A lack of workplace period policies is costing UK businesses £6bn a year
Research by Yoppie, the pioneers of personalised period care, has revealed how a lack of workplace period policies could be costing businesses over £6bn a year, as the stigma surrounding days off due to PMS causes women to lose 8.4 days due to lower productivity in the workplace.
A nationwide obstetrics and gynaecology study into productivity loss due to menstrual-related symptoms found that on average, women lose 9.3 days a year due to menstruation-related symptoms.
Absenteeism due to PMS, the absence from work or failure to report or remain at work as scheduled, accounted for the loss of 0.9 days per year.
While the 0.9 days a year spent absent from the workplace will be often be covered by allocated sick leave, the stigma surrounding time off due to PMS is actually damaging businesses when it comes to productivity within them.
Presenteeism due to PMS, defined as sickness presence at work or the act of being at work but without being productive, accounts for a further 8.4 days lost in total throughout the year.
The average UK female earns £80 per day, that’s the equivalent of £673 in earnings paid for time lost to PMS.
With an estimated 71.6% of UK women in employment, that’s over 9m women between the age of 16 to 45 who could see their productivity impacted due to PMS.
On a national scale, this time lost to PMS equates to just over £6bn per year in equivalent earnings.
Founder of Yoppie, Daniella Peri, commented:
“For far too long we’ve been campaigning for a change in attitudes to period-related issues within the workplace. Many women are made to feel that time off due to severe PMS symptoms simply isn’t acceptable and so they battle through cramps, sickness and fatigue to ensure they are provided with the same professional courtesy as their male counterparts.
The upshot is that this actually impacts their ability to perform more so than if they were afforded the appropriate level of flexibility and this is costing businesses a considerable amount in wages for time wasted in the workplace.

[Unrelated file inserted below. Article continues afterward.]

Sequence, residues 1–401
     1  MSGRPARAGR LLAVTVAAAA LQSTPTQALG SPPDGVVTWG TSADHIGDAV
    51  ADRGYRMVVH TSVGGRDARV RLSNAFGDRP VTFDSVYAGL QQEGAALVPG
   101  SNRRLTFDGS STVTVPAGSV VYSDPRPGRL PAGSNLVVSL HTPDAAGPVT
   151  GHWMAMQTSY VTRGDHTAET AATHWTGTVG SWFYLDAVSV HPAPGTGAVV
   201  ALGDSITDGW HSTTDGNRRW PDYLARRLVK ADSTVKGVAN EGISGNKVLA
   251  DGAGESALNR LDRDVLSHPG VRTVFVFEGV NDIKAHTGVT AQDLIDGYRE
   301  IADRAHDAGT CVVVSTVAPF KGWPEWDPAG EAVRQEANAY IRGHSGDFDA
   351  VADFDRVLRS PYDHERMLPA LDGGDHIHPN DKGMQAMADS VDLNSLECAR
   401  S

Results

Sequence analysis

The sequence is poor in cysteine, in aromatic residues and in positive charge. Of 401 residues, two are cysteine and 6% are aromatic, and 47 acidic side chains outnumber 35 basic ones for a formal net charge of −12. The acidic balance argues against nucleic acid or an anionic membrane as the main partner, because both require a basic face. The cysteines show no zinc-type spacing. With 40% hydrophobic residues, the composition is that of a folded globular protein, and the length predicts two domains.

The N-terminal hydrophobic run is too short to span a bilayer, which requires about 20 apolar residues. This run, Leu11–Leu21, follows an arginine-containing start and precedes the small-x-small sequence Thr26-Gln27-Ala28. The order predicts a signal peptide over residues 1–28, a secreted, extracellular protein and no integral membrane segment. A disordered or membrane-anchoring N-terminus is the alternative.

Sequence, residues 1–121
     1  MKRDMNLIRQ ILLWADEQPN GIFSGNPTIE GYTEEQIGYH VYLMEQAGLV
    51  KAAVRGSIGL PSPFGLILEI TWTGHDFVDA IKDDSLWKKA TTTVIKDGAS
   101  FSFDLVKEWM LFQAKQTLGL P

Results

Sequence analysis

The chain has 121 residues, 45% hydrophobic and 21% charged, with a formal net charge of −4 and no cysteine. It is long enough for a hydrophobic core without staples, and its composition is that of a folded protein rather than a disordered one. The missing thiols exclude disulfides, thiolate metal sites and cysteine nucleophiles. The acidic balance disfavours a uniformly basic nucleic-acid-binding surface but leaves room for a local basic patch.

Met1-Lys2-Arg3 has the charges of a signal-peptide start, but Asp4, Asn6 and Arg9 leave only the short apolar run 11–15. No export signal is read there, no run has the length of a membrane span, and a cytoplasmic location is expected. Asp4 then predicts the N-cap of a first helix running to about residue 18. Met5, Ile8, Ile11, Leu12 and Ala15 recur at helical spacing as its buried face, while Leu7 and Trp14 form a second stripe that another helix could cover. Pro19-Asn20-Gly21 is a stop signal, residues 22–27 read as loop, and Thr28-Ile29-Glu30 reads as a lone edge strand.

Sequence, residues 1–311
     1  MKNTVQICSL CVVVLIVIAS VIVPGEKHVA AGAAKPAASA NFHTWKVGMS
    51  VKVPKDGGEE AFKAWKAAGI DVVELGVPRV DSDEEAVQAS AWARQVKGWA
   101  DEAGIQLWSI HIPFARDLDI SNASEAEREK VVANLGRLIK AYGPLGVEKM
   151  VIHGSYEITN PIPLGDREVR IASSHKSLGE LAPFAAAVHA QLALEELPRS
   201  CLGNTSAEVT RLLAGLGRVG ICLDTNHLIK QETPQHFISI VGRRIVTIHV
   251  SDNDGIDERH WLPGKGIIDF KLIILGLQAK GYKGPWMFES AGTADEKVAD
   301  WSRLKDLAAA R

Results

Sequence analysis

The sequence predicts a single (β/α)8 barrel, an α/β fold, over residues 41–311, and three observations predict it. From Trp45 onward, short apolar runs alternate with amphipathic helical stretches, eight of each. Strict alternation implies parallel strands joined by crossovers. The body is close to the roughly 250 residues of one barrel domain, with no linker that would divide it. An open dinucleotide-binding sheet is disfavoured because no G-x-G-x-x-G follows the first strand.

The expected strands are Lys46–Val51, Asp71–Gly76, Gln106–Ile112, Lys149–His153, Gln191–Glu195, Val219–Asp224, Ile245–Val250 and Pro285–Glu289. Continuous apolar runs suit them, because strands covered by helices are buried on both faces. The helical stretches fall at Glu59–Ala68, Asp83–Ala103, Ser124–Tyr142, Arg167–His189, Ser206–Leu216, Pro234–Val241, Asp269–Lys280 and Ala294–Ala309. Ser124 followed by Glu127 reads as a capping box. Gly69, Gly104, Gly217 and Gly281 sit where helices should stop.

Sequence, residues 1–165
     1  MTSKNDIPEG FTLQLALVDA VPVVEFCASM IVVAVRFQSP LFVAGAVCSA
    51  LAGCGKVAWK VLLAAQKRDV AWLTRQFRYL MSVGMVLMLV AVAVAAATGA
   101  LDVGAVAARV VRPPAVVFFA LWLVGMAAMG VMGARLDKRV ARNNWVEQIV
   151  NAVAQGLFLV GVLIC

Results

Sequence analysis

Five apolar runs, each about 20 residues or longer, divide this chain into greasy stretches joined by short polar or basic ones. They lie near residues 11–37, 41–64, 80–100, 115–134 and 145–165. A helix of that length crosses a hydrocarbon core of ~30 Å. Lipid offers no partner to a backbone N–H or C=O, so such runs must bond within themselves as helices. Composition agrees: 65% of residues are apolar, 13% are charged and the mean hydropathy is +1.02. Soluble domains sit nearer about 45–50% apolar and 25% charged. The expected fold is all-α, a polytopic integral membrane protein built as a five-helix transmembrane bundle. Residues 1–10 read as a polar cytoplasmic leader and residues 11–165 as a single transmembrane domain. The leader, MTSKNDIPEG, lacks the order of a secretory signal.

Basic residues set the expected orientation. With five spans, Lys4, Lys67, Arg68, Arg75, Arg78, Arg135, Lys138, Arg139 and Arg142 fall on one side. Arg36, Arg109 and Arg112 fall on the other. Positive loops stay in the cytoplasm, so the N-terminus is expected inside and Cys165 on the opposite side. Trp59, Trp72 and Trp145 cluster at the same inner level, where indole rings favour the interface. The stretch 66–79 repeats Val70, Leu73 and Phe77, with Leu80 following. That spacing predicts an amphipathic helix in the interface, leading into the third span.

So if we can’t bring about change based on the welfare of female employees, maybe businesses will sit up and listen when they realise the cost they actually incur by ignoring the issue.
Implementing a basic period leave policy would not only allow them to factor in this additional cost from the start, but it would no doubt reduce it.
We’ve seen how the pandemic has reshaped the modern-day workplace and flexible working is no doubt here to stay. Allowing a degree of flexible working for those suffering from severe PMS symptoms could be a very real way of addressing period leave policies, as it would remove the pressures of the physical workplace while maintaining productivity and reducing the number of sick days taken.”
|Average days of absenteeism per year||Average days per year of lost productivity|
|Data Description||Data Point||Source|
|UK female employment rate (Q1, 2021)||71.6%||ONS: Female Employment Rate|
|UK female population aged 16 to 45 (Latest est mid-2020)||12,570,676||ONS: Population Estimates|
|UK estimated female working population aged 16 to 45||9,000,604||Employment rate % applied to population segment|
|Average female net salary per day||£80.18||ONS: Employee earnings in the UK (2020)|
|Equivalent cost of presenteeism per woman||£673.48||Average daily salary x 8.4|
|Equivalent cost of presenteeism nationally||£6,061,766,733||Equivalent cost of presenteeism per woman x UK female working population aged 16 to 45|